Book Review: The Eden Express by Mark Vonnegut
Mark Vonnegut’s The Eden Express: A Memoir of Schizophrenia (1975, reprinted 2002) is a profoundly thoughtful and entertaining account of Vonnegut’s mental unraveling on a beautiful farm outside of Vancouver, British Columbia.
Vonnegut had just graduated from college in 1969 and moved across the country to where he and his friends planned to drop out of corporate America and live the romanticized hippie lifestyle. Soon, however, Vonnegut’s moods began to fluctuate between “something gripping the pit of my stomach” (p. 79) to “this giddiness in my stomach...overwhelmed by the incredible loveliness of the trees and the sky and the moss....” (p. 114), back to a dark mania that exposed the hideous superficiality of life. Was it the mescaline? Days passed and his friends became more alarmed, while Vonnegut was increasingly clumsy on the farm: “something in me knew I would become unable to function, and got me ready by telling me ahead of time that it didn’t matter” (p. 124).
He landed in the hospital, where he convinced himself that this was merely his father’s way of getting him off cigarettes, yet he also observed in the book that “...as it turned out the only one who was surprised about my going nuts was myself” (p. 187). When he felt better, he concluded that “going crazy and getting well was just what I needed....This was just the right twist” (p. 217).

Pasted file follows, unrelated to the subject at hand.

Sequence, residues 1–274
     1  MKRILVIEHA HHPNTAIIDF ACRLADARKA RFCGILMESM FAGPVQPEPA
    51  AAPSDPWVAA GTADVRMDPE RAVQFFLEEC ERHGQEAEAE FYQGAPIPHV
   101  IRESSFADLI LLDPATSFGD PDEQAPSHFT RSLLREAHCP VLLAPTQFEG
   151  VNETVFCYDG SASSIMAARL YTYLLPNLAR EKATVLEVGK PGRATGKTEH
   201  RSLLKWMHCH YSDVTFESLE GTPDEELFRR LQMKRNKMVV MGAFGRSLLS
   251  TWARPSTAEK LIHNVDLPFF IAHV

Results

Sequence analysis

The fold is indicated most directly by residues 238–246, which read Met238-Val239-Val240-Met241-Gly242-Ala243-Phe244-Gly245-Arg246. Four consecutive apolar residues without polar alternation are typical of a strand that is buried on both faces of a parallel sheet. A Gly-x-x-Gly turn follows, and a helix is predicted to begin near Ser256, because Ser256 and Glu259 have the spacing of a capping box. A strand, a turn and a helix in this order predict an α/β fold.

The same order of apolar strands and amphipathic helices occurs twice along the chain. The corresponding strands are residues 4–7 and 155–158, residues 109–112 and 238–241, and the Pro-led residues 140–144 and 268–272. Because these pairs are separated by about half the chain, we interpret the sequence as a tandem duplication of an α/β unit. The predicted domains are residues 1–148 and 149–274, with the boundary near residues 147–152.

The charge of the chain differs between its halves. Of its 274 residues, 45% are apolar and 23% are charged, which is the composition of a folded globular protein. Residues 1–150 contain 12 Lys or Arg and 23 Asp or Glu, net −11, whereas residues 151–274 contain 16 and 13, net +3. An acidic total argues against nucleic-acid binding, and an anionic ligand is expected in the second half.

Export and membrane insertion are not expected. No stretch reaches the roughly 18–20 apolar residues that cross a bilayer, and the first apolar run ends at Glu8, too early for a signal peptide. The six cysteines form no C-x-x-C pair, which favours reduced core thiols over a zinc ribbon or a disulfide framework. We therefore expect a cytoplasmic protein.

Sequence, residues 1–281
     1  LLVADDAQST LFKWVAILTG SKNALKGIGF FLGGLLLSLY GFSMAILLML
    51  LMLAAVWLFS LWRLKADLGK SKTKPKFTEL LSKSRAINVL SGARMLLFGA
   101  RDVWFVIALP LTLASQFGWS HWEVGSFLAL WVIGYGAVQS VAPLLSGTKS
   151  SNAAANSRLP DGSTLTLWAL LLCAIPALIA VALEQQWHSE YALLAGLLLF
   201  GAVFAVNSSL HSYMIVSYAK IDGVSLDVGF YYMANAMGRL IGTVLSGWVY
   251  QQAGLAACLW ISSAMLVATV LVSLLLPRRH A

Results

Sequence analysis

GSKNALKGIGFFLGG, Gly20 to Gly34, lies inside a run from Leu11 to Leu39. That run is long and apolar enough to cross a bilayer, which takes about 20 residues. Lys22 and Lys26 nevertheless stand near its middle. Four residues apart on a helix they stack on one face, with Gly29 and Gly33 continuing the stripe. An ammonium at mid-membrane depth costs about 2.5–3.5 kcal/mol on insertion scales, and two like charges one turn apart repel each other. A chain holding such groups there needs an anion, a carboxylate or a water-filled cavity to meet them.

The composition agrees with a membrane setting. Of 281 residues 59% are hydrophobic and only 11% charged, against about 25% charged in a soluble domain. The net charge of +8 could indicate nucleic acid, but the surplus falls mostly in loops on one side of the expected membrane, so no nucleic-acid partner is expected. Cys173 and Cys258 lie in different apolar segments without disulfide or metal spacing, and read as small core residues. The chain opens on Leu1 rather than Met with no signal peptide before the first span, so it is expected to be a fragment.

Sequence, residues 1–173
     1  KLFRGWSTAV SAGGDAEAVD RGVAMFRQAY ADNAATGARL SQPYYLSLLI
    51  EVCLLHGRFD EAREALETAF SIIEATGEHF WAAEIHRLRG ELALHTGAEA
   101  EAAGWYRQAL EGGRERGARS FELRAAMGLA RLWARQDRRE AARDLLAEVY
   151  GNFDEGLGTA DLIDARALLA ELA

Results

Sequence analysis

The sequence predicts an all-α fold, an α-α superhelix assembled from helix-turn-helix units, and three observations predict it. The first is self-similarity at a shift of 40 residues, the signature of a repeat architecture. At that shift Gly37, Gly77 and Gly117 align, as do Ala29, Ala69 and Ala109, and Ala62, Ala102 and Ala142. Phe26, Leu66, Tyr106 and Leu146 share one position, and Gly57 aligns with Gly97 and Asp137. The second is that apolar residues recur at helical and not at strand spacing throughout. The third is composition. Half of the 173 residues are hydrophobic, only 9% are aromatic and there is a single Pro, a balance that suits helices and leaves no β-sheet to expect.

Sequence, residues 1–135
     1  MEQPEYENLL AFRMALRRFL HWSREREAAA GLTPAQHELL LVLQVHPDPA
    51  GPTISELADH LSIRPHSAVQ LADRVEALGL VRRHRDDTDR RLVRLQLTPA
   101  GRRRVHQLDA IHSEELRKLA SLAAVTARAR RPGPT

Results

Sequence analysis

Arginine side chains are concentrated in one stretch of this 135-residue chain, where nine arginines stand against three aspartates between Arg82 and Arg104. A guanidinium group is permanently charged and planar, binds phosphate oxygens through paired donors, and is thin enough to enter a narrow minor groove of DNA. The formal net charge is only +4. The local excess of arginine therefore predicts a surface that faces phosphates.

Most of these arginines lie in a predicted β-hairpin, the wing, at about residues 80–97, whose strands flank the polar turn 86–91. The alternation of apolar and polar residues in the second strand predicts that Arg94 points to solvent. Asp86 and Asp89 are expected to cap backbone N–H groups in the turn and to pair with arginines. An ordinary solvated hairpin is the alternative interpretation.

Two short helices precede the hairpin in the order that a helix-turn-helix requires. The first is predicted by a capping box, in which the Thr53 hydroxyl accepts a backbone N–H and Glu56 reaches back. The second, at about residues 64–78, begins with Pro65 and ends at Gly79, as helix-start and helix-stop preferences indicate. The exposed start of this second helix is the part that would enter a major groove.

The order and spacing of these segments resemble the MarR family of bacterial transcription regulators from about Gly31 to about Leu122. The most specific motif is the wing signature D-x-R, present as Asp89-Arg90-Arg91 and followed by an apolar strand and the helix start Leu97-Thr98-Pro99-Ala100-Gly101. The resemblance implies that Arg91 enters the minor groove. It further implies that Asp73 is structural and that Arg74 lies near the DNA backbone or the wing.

The plot twist, however, was that Vonnegut ended up going through another crisis. Then again. Three strikes, and he had run out of material to fuel all the elaborate explains of his hallucinations. He finally realized his illness was biochemical rather than a poetic and important affliction of the enlightened, and that poetry, in actuality, had not helped him to recover at all, while Thorazine did. There was no blame, and mistakes were not the cause of the illness. He gave himself time and space to heal: “There are great insights to be gained from schizophrenia, but remember that they won’t do you or anyone else much good unless you recover” (295).
Vonnegut, the son of famous author Kurt Vonnegut, acknowledged the importance of his family in his recovery, and now works as a pediatrician in Boston, having graduated from Harvard Medical School.